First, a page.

In a previous post for the CREWS blog, I explored the way in which vowel signs are used in the Tengwar to write various Elven languages. In this post, I want to focus on the question of the way in which vowel writing develops, as envisaged in Tolkien’s Legendarium.

According to Tolkien, by the Third Age, that is, the period described in The Lord of the Rings, the Elven scripts “had reached the stage of full alphabetic development, but older modes in which only the consonants were denoted by full letters were still in use” (Appendix E II). In other words, in the universe of The Lord of the Rings, contemporary scripts write vowels like any other letter, but archaic scripts continued to write vowels above and below the consonantal letters, using marks known as tehtar. We see the former approach in use in the inscription on the West-gate of Moria, while we see the latter on the ring inscription. The difference is plainly visible in the relative lack of markings above the letters in the West-gate inscription.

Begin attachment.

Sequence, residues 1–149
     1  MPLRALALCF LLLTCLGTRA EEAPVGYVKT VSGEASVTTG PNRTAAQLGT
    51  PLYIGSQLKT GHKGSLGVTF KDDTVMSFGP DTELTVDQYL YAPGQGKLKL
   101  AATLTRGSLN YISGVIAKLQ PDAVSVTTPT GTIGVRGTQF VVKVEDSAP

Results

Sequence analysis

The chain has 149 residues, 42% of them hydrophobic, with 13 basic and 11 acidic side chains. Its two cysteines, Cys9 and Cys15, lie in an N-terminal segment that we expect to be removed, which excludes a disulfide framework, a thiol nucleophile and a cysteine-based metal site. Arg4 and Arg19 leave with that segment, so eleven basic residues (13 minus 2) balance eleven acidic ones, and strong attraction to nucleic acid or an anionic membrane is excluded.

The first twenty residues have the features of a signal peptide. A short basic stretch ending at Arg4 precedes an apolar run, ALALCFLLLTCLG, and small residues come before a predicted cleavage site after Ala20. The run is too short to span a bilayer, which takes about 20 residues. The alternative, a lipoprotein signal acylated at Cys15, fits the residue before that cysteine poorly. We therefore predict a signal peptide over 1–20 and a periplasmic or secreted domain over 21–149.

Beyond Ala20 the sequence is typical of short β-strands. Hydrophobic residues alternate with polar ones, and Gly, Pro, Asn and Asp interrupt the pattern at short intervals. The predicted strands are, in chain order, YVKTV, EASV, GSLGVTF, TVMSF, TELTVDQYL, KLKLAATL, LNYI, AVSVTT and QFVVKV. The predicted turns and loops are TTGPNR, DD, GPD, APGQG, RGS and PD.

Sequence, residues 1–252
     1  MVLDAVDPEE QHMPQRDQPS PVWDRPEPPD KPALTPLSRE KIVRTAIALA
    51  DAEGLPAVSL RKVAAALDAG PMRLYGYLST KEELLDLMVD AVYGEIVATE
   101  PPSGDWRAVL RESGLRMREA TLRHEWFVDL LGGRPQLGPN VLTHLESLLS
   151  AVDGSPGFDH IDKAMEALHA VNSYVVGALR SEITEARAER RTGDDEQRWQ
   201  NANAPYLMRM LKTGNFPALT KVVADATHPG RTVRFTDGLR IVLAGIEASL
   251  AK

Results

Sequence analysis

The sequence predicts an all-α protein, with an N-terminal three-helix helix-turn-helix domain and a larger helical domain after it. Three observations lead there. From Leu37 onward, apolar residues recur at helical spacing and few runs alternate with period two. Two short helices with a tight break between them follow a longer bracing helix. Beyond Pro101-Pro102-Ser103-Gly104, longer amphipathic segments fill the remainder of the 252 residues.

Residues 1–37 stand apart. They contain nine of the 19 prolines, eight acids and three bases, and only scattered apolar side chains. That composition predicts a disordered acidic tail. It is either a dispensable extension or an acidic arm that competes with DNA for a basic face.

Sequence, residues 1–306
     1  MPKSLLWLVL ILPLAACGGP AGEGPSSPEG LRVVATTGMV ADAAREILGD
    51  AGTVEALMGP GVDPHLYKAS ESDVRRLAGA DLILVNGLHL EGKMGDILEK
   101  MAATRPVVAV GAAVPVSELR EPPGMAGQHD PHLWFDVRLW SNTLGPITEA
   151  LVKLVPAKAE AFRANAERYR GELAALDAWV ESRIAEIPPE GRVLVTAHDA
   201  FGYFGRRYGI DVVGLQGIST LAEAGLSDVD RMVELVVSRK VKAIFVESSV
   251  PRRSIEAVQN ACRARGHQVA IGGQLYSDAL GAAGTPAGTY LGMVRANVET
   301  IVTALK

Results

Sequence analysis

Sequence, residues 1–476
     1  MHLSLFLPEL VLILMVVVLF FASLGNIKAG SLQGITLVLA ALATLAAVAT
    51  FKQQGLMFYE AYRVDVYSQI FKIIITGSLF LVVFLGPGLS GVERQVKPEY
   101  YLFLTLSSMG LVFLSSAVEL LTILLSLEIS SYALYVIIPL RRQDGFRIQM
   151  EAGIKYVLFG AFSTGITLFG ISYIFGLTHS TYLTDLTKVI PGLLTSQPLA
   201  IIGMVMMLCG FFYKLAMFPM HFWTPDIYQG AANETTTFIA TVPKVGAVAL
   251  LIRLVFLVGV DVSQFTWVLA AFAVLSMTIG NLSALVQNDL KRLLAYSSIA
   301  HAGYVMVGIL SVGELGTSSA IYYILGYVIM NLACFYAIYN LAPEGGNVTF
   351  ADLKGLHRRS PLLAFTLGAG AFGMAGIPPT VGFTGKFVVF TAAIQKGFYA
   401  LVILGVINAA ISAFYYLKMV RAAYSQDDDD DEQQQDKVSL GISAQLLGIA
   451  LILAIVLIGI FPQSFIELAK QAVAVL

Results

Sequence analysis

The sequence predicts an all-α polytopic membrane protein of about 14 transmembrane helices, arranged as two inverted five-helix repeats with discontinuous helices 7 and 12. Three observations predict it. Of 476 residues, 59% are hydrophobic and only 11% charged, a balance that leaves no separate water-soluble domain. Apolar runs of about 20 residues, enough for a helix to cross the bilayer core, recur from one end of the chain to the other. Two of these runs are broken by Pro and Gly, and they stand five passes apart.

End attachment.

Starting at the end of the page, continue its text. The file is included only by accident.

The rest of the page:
pedo mellon a minno

“Speak friend and enter”

Section of West-gate inscription (Typeset using the TengwarScript package in LaTeX,, using the Tengwar Annatar font designed by Johan Winge)



Ash nazg durbatulûk, ash nazg gimbatul,
Ash nazg thrakatulûk agh burzum-ishi krimpatul.

“One ring to rule them all, one ring to find them. One ring to bring them all, and in the darkness bind them.”

Ring Inscription (image from here).

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Why do scripts and writing practices die out?